Cooper’s London




Mourning Becomes Kristin

Back in July, in a rare moment of prescience, I urgently recommended that readers book in advance for Sophocles’ Electra, starring Kristin Scott Thomas, coming to the Old Vic in September. Specifically, I said I would go see Kristin Scott Thomas reading the proverbial phone book! No need to be careful what I wished for; I got my wish last month, and I’m a very lucky guy!

Using Frank McGuinness’ brilliant 1990 adaptation (originally played by Zoe Wannamaker), I suspect the Old Vic’s new production of Electra will become legendary. It has been called a electra“kill-for-a-ticket triumph,” and I’ve heard has a good chance of making an appearance in New York as well, so remain alert.

My younger daughter spotted its potential last June when tickets first went on sale and took me as a belated Father’s Day Present; she had also managed to get us seats about three feet from where the action was taking place in a superbly reconfigured auditorium that presents the show in the round. I was doubly lucky because there was something quite touching and somehow even symbolic about seeing the quintessential play about a daughter who really loves her father with my daughter,

There’s much to say about the play itself, staged here with grave control in a superb production by Ian Rickson. I know the opera by Richard Strauss and Hugo von Hoffmansthal; it’s fascinating to see how different some aspects of the interpretation of this myth are or, rather, how differently Strauss and Hoffmansthal approached it.

But the main focus of amazement and excitement for everyone has been the riveting, intense performance by Kristin Scott Thomashaggard, riddled with neurosis, monomaniacal, intensely calm at times, blackly humorous, given to flaring bursts of fury that could sear your skin. She and Rickson have become quite a teamthey did Chekhov’s The Seagull, and both Betrayal and Old Times by Harold Pinter together to much acclaim and many awards; Their Electra is the perfect setting for Thomas’s performance. She is a diamond that truly burns.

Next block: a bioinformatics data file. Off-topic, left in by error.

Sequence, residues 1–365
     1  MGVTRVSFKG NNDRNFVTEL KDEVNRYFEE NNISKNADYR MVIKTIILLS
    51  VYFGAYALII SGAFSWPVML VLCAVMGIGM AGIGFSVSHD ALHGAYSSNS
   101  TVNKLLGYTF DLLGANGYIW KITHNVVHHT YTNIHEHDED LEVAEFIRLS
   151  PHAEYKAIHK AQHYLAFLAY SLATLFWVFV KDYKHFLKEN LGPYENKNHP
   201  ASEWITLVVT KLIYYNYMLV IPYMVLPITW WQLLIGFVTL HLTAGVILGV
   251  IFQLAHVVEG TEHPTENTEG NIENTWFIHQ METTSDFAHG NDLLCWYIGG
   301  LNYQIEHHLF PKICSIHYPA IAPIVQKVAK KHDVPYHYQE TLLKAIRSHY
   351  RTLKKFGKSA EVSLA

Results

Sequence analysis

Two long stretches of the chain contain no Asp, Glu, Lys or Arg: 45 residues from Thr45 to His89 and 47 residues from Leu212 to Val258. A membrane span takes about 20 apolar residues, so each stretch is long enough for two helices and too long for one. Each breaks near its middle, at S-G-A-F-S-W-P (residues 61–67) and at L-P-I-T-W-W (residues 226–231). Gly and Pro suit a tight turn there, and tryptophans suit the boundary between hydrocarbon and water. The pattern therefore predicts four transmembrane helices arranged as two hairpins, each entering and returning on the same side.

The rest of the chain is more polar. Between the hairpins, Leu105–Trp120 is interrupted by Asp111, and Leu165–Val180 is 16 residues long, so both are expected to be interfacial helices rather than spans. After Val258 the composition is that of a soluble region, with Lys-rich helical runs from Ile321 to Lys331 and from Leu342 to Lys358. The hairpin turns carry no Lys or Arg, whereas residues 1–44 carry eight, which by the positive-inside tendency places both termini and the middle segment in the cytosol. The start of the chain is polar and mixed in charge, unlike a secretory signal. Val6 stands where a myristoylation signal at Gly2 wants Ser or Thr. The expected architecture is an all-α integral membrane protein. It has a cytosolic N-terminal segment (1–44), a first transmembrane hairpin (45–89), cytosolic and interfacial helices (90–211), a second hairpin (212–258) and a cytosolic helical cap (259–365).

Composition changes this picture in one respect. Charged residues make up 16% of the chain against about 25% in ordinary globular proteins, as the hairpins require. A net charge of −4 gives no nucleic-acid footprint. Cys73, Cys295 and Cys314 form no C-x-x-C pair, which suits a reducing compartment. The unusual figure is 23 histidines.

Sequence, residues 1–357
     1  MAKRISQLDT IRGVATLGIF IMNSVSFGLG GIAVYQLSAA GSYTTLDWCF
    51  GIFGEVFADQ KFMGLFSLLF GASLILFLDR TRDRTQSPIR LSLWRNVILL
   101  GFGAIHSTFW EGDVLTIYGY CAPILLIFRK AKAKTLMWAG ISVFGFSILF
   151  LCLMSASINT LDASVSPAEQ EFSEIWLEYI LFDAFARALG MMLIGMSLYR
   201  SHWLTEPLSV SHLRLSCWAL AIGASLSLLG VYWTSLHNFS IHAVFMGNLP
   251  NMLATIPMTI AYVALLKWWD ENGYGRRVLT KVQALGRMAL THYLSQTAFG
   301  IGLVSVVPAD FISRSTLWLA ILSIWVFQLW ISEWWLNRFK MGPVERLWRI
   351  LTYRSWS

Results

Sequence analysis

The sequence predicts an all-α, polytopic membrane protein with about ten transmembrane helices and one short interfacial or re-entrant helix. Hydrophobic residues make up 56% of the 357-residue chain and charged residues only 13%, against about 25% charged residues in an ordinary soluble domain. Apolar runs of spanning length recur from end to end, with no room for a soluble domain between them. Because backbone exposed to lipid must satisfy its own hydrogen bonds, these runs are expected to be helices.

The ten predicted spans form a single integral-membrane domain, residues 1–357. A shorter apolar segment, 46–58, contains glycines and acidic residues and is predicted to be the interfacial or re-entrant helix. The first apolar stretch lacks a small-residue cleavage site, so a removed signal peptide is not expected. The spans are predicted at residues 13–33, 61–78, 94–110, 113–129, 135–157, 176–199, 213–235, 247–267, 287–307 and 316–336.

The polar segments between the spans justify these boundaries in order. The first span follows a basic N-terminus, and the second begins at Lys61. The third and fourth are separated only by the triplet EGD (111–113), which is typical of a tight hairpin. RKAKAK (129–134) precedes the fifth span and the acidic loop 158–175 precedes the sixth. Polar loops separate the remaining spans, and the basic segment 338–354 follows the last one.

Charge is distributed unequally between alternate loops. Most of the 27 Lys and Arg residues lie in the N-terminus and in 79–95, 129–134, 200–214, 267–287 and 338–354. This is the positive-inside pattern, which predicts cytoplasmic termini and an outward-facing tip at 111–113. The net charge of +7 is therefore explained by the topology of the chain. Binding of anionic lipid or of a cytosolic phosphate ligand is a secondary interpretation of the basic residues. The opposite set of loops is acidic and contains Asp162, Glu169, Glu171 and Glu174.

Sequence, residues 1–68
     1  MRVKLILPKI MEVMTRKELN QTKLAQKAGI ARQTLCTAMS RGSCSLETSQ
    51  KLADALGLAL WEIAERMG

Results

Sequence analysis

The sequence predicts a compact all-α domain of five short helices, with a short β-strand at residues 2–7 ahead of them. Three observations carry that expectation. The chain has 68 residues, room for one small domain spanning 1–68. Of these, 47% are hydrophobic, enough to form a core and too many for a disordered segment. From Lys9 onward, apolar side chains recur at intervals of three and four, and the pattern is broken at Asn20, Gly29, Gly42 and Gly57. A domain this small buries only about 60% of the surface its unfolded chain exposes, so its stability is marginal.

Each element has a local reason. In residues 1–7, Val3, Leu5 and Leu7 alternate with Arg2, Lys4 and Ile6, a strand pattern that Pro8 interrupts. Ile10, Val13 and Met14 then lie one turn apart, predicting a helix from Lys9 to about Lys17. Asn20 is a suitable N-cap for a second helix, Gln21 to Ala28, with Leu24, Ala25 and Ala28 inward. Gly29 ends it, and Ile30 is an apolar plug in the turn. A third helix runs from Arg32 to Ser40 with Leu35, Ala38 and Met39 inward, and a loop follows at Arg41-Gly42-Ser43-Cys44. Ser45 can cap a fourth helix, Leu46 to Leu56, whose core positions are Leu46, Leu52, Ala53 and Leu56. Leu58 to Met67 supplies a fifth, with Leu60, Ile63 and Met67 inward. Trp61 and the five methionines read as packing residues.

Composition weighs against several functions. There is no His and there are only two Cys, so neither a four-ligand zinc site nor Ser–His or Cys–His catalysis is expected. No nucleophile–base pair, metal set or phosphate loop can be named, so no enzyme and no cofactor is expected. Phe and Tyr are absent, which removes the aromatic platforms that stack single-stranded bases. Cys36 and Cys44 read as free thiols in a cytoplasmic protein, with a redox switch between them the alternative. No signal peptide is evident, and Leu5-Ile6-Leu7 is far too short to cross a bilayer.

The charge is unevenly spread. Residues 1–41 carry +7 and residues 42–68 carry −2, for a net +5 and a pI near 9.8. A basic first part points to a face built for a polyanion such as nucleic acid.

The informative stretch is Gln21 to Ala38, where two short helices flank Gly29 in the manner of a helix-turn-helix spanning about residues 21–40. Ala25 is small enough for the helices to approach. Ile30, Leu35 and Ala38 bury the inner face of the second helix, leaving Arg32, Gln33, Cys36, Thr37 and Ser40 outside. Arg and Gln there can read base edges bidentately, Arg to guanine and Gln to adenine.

Along with the sound and fury you would expect of a Greek tragedy, she and Rickson understand the need for peaks and valleys; there is actually quite a bit of self-deprecating humour in the readings of several lines that enhances the more harrowing moments. This is not a non-stop gloomfest, as some very bad productions of Sophocles have been in the past. And it is also a thoughtful. It gets very compelling when Diana Quick’s plausible Clytemnestra debates with her daughter Electra the question of why Agamemnon had to be killed in the first place, and the whole context of the curse on the family. Kristin Scott Thomas listens, argues, defies; but her eyes also show a moment of hesitation, a flash of self-doubt before she dismisses this and launches into her verbal attacks on her mother.

Three fine actresses make a good chorus, commenting and interacting as required, and the production promotes a sense of the old hieratic and ceremonial function of theatre in Greek classic times. Mark Thomson’s simple set and the reconfiguring of the theatre itself intensify the experience.

ELECTRA by SophoclesWhen all is said and done, though, the night is Electra’s, as it should be. The scene where she realizes that the callow young man played by Jack Lowden is actually her brother Orestes returned to fulfil the vengeance required of himnot only by her and but by the godsis forever haunting. Everything that Kristin Scott Thomas does in her performance rings true; Electra is being eaten alive by her passion for revenge. but she also wants something more, something abstract real justice. The truth to Electra’s character is Kristin Scott Thomas’s great triumph in this production, along with her astonishing physical and vocal technique. But there’s more: her ability to make an audience utterly sympathetic to her while also terrifying them with the intensity of her obsession. It’s a superb and unforgettable experience and I will continue to be grateful to my own daughter for taking me to it.

The play continues at the Old Vic until 20 December (I guess they didn’t think it would make a great Christmas Show.) And beware: there is no interval, so if you are late you cannot get in to see it live, but will have to watch it on a closed-circuit television in the lobby.

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